Tim himself likes to use color-coded physical flashcards; some he purchases from Vis-Ed, others he makes himself. He showed me an example when I interviewed him about how he learns languages in the below video.
Though this entire video can give you great insight into Tim’s language learning approach, the part relevant to this point is at 27:40 (full transcript here).
#2 – Learn cognates: your friend in every single language.
Believe it or not, you already—right now—have a huge head start in your target language. With language learning you always know at least some words before you ever begin. Starting a language “from scratch” is essentially impossible because of the vast amount of words you know already through cognates.
Cognates are “true friends” of words you recognize from your native language that mean the same thing in another language.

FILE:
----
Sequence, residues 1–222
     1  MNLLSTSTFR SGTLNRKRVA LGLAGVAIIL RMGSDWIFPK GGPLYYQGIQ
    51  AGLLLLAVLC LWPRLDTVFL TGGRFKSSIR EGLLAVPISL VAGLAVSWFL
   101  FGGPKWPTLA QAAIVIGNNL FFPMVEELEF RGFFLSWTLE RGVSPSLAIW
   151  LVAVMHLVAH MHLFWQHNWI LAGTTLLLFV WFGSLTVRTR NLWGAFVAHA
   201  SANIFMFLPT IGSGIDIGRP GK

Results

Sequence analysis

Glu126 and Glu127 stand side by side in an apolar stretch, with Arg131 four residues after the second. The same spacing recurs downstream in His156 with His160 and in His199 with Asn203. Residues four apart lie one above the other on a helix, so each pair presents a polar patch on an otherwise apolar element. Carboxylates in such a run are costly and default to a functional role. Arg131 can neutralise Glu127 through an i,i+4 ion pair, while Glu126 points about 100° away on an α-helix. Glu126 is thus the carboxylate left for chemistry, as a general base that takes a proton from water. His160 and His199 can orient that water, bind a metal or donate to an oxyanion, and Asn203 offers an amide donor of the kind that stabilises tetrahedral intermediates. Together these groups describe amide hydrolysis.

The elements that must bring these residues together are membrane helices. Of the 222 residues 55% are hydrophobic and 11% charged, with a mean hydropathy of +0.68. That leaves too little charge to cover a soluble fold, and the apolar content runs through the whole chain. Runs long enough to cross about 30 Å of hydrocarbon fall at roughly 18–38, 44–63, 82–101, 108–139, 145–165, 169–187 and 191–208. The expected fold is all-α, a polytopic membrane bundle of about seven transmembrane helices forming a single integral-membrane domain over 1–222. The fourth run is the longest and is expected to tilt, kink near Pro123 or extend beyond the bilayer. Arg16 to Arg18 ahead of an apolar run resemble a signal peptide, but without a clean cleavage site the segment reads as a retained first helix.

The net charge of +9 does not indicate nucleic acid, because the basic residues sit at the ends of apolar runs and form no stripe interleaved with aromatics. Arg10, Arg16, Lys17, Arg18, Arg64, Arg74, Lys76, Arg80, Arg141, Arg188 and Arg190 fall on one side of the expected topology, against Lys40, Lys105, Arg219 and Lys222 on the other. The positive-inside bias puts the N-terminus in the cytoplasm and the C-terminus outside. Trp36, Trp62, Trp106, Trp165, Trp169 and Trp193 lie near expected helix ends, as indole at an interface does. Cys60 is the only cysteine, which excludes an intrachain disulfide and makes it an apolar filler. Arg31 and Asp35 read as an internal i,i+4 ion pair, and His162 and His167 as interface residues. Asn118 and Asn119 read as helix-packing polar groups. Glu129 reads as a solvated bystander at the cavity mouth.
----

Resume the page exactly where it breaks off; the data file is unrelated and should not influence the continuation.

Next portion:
For instance, Romance languages like French, Spanish, Portuguese, Italian, and others have many words in common with English. English initially “borrowed them” from the Norman conquest of England, which lasted several hundreds of years. Action, nation, precipitation, solution, frustration, tradition, communication, extinction, and thousands of other -tion words are spelled exactly the same in French, and you can quickly get used to the different pronunciation. Change that -tion to a -ción and you have the same words in Spanish. Italian is -zione and Portuguese is -ção.
Many languages also have words that share a common (Greek/Latin or other) root, which can be spelled slightly differently, but that you’d have to try hard not to recognize, such as exemple, hélicoptère (Fr), porto, capitano (Italian) astronomía, and Saturno (Spanish). German goes a step further and has many words from English’s past that it shares.
To find common words with the language you are learning, simply search for “[language name] cognates” or “[language name] English loan words” to see words they borrowed from us, and finally “[language name] words in English” to see words we borrowed from them.
That’s all well and good for European languages, but what about more distant ones?… Read More